It felt like the death of a loved one as I hung up the telephone from my brief conversation with the judge’s secretary. Over the years, I’ve had to learn to suck up the pain, but every once in awhile, I must put my life on pause. This was one of those times. Asking my husband to come home early from work, I needed his reassurance that I was going to be okay. As it turns out, my adult adoption had been a farce too, not much different than my adoption at birth. Apparently, my parents had hired a lawyer to start the process of my father adopting me as an adult, but the honest truth added insult to an injustice—the file only contained incomplete documents lacking credibility that had been sealed in the court of law.
After numerous times of having to petition judges to open up sealed court documents, I wondered if they ever read the nonsense on the records that had their signatures on them.
Over and over in my head, I had walked through what transpired in such a short period of time. A clerk on the phone in the Probate Department had suggested I come in person to petition the judge to open up my Adult Adoption file. I had driven over an hour away with my completed petition and a heartfelt letter addressed to the judge explaining my dilemma. Attached was a copy of my only birth certificate still listing me as my birth mother’s child. I clearly spelled out to the judge that I needed the paperwork that had amended my original birth certificate because of my Adult Adoption. No matter how hard I tried, I never did find anyone that could tell me why an “adult” adoption would be sealed in the first place as well as being handled in the Probate Department.
The judge’s secretary, the one who had called me on the phone, originally got short with me when I was in the court house. Bursting into tears, I remember feeling like we all do at times, “I was just a number again, not a human being.” Down-trodden by the woman’s choice of words in such a delicate matter, I just handed her all my paperwork and muttered something to the effect that it would explain everything. As I quickly went to leave out of embarrassment for crying, the judge’s secretary reminded me that it would take a few days; the micro-fiche is in a different building. I remember her asking me if I was going to be okay, and, as usual, my pat answer has always been, “I will be fine; thank you.”
One more sore spot…calling the lawyer’s office that had handled my Adult Adoption. I had stated in our phone conversation with his secretary that my parents were both deceased and that I needed to know if their firm had any records indicating the status of my amended birth certificate. And I added curiously, “Would your information possibly provide me with the reasons for my father wanting to adopt me in the first place as an adult?” The secretary had to call me back to say they don’t have my file any more. I highly doubt that’s the truth if the so-called adoption was to ever be contested in the courts after my father had passed away. Well, I am sure the lawyers didn’t come up empty-handed when it came to being paid generously. For what? Was it for a lawyer to amend the untruths and inconsistencies with the incomplete court documents twice?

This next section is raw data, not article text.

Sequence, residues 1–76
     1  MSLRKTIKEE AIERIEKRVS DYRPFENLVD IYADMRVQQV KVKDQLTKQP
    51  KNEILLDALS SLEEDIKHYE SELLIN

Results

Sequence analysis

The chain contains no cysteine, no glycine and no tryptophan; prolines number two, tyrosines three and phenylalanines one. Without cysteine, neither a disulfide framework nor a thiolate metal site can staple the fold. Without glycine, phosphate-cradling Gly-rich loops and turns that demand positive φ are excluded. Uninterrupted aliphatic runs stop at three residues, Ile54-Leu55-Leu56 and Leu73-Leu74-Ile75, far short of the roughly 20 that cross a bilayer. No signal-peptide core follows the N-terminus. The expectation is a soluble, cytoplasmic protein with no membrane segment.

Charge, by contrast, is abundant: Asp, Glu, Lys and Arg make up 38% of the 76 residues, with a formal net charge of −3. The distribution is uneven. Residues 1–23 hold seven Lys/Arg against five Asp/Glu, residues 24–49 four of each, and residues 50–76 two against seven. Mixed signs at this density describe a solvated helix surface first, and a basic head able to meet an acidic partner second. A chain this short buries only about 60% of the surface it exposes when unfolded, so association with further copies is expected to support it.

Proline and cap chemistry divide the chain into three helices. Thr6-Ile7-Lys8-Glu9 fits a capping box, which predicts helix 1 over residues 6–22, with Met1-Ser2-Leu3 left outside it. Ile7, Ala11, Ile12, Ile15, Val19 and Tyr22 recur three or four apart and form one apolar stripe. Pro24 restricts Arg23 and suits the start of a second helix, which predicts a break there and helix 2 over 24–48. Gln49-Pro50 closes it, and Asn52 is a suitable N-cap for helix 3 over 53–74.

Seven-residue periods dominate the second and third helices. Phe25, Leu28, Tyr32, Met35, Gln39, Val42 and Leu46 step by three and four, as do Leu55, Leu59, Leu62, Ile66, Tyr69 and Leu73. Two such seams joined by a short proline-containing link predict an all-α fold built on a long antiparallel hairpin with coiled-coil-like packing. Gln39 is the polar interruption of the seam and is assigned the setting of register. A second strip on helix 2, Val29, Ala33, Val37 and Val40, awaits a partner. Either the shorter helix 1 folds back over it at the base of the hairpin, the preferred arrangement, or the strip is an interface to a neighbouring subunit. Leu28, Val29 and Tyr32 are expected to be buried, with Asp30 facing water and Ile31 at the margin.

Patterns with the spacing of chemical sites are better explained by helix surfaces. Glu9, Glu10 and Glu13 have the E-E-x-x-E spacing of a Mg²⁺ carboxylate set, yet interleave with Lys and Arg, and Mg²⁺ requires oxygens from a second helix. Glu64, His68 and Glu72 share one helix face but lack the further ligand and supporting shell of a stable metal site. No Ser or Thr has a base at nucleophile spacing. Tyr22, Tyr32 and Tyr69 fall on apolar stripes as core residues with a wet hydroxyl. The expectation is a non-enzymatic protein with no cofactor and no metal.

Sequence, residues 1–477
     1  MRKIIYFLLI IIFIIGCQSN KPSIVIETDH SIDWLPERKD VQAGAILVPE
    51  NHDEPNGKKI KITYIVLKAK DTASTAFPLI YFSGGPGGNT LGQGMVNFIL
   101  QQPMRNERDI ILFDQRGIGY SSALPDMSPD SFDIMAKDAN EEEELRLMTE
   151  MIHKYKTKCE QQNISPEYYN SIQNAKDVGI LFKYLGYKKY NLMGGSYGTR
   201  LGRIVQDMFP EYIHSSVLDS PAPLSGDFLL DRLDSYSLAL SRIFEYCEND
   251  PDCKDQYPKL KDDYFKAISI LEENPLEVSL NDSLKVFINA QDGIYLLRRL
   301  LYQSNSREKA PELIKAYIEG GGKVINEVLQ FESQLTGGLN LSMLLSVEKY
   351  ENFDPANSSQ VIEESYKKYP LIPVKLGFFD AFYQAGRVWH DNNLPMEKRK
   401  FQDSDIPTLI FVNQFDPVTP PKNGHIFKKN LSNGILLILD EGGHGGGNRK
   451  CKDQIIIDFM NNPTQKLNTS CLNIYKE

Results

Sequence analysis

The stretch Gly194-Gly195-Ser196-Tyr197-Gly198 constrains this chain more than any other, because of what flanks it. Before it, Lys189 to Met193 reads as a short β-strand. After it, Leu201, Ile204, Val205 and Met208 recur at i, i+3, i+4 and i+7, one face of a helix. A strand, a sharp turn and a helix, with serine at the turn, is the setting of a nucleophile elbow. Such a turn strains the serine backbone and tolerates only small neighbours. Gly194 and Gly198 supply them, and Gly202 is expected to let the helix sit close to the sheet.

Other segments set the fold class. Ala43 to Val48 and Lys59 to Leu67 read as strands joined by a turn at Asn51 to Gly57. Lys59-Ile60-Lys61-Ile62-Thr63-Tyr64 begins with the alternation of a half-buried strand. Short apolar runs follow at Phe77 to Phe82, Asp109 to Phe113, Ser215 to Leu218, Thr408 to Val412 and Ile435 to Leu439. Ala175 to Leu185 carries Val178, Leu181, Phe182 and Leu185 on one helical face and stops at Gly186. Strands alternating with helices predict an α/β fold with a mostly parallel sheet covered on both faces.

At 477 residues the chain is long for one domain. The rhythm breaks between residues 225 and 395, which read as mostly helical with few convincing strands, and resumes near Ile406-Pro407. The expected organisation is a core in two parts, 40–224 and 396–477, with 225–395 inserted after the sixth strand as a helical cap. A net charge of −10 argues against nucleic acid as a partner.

The courts had sent me a copy of the records they had on file for my adult adoption. No wonder my parents had never provided me with a copy of the legal documents. It appears as usual mom and dad were trying to curtsey around the facts, but this time apparently someone was questioning the validity of their statements.
Oddly, I had received two copies of the petition for my dad to adopt me. In looking at each of them separately, the difference in the wording of the two documents has been the root of my frustration. Both Petitions for Adoption should have had stamped across them “DECEPTION.” Even those of you that have just started reading my journey at the first of this month know my last father was not a part of my life beginning at birth. For some reason, the Petition for Adoption was amended with this correction a month later after the initial copy. I would imagine the information my parents provided the lawyer never kept it real. There was still no mention of my first adoptive father. It just stated that my mother (formerly a different last name) adopted me at birth. My first adoptive father couldn’t have been their roadblock. He had passed away when I was 18 years old.
My adult adoption didn’t seem to supersede or make any specific reference to my adoption as a newborn. The state where I was born confirmed that they do not have any records indicating anyone over the years tried to amend or fix the problems with my original birth certificate. The judge’s secretary had been calling to say that my adult adoption with my father that I loved more than anything in this world was considered null and void in the legal system. In other words, my parents for some reason couldn’t finish my adult adoption in the courts, but didn’t ever bother to tell me so.
Did mom and dad’s masquerade covering up with just more lies and secrets have anything to do with them not wanting to leave my “disowned” adopted brother some of their inheritance?